(I've also heard that it's very good at doing the same thing in a pure Windows environment, speeding up Windows games trying to use DirectX by diverting their requests to the more efficient Vulkan API)
I went to https://github.com/doitsujin/dxvk/releases and grabbed version 1.8.1, unpacked the tar file and executed the setup script under Wine
wine ...path/to/dxvk-1.8.1/setup_dxvk.sh install
You can run
winecfg again at this point, and you'll see overrides in the Libraries section, with various DirectX libraries now provided by 'native', which basically means the DXVK tools you just installed.
Success, but still some issues
At this point, pressing PLAY will launch the final game executable, that will make DX9 calls for 3D graphics when you actually enter the cockpit. DXVK will divert those calls to Linux's libvulkan, and from there to the NVidia driver, efficiently.
Now, I still had lots of problems and crashes, when trying to get to Fullscreen or Borderless setups. If you set a resolution & the game crashes before switching back, you may need to find Elite's DisplaySettings.xml file (in $WINEPREFIX/drive_c/users//Local Settings/Application Data/Frontier Developments/Elite Dangerous/Options/Graphics/) and change the FullScreen value back to 0 for 'windowed', and also perhaps the ScreenWidth and ScreenHeight values too.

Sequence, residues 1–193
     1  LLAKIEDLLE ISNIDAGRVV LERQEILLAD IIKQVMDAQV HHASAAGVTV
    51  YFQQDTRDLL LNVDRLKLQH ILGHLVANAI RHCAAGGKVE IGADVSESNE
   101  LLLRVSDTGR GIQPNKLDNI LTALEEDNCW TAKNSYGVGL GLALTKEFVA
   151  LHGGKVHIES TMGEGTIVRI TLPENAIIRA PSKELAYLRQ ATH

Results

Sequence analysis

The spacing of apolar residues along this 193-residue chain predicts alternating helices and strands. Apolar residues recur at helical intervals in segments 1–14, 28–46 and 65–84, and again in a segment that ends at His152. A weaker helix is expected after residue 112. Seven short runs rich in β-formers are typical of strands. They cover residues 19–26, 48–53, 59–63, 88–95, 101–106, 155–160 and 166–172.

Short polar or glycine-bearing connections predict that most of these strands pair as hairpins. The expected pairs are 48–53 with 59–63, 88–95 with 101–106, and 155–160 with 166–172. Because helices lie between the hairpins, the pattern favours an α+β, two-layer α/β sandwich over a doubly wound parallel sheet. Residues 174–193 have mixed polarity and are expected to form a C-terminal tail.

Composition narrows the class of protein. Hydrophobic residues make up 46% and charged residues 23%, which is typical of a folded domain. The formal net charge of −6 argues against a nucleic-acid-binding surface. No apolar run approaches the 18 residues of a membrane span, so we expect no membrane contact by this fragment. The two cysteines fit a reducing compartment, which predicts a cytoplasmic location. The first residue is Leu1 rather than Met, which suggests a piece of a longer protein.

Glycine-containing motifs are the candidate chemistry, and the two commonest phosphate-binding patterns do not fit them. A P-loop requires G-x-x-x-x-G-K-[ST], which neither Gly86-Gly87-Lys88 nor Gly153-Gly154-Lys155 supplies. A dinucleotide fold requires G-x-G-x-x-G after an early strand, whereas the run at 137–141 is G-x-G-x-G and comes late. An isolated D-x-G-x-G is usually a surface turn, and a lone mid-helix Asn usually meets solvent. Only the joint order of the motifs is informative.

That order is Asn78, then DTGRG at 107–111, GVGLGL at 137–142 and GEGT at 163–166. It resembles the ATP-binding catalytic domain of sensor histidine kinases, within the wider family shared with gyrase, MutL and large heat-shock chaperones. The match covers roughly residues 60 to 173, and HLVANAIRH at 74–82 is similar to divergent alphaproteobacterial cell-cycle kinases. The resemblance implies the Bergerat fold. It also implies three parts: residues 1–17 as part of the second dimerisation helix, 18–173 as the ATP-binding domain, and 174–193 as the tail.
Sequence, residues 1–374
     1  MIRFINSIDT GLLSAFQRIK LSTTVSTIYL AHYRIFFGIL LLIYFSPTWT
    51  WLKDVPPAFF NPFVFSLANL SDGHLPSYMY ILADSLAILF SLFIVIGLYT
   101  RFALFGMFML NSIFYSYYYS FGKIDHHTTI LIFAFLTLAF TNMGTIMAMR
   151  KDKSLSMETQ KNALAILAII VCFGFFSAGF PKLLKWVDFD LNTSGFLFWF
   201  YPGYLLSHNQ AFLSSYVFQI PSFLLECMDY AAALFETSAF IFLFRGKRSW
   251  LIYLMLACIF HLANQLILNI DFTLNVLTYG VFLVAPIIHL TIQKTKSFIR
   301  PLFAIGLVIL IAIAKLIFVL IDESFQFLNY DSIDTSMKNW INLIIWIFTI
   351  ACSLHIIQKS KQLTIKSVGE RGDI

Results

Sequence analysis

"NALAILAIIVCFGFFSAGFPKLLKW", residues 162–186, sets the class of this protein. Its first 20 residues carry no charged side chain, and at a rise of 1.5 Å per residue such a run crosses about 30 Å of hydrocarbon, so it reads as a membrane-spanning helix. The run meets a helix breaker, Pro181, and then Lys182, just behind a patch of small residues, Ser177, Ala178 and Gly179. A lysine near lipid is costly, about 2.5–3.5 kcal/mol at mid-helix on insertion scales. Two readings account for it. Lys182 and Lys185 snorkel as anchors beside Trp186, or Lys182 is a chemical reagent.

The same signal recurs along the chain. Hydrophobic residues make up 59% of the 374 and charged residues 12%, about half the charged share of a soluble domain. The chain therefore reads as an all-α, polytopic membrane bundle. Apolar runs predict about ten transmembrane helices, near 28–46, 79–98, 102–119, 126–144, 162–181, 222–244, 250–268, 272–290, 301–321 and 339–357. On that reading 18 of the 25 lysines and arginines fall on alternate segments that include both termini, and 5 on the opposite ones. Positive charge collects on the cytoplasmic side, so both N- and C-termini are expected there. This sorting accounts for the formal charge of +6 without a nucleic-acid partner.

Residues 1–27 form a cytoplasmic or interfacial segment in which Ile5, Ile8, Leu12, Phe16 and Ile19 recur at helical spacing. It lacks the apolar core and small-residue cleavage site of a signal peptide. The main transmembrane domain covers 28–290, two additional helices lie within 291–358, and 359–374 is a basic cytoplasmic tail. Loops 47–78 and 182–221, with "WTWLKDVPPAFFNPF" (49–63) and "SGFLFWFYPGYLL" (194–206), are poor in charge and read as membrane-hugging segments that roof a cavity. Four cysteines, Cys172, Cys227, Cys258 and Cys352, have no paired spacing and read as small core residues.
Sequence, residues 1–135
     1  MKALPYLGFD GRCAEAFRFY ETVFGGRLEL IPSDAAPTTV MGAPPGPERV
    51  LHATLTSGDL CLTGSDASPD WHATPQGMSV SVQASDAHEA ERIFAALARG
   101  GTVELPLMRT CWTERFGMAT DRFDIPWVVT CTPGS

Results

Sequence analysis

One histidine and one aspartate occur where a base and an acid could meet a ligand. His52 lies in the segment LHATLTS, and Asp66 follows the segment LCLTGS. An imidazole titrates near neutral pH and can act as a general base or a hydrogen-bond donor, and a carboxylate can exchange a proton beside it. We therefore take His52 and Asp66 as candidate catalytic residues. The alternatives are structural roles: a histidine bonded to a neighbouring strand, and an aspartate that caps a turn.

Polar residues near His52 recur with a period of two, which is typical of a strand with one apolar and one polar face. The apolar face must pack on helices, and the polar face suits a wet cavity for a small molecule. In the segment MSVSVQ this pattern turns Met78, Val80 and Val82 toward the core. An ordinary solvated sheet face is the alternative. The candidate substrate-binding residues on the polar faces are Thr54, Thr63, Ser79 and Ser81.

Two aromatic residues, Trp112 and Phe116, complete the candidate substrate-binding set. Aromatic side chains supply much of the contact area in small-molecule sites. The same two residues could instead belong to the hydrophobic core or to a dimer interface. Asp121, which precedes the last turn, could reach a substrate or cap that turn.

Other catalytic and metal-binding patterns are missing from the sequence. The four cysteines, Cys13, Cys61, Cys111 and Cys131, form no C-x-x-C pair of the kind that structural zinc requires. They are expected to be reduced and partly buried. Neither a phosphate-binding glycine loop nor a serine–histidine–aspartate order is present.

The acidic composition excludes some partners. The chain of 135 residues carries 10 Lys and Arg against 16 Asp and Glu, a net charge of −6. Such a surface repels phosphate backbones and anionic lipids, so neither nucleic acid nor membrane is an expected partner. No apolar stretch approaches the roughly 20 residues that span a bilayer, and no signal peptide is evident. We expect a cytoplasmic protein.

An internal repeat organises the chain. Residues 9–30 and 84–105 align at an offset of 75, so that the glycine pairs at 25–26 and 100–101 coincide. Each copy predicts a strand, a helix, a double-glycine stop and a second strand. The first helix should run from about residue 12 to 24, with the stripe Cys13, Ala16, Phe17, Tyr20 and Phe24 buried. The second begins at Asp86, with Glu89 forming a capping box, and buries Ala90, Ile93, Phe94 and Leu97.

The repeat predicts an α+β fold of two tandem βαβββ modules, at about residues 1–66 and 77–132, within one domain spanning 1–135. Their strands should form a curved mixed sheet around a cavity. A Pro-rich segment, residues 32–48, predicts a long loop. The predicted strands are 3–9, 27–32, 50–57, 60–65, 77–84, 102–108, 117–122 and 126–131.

However, after an actual reboot of Linux (which might have made some difference to the order things were loaded in) and a couple more retries of the Graphics settings in-game, I now seem to have a stable Borderless 1920x1080 display with Ultra settings.
All I need to do now is to remap my HOTAS and I can fly free once more!
CMDR Yojimbosan, Radio Sidewinder 📻🐍
nvidia-driver-450for my GeForce GTX 970
apt install libvulkan1 libvulkan-dev vulkan-utils
- Wine 6.6
wine setup_dxvk.sh install
wine msiexec /i wine-mono-6.1.1_ED.msi
wine "$WINEPREFIX/drive_c/Program Files (x86)/Frontier/EDLaunch/EDLaunch.exe"
- Optionally allow Wine to install Gecko
- PLAY Elite:Dangerous!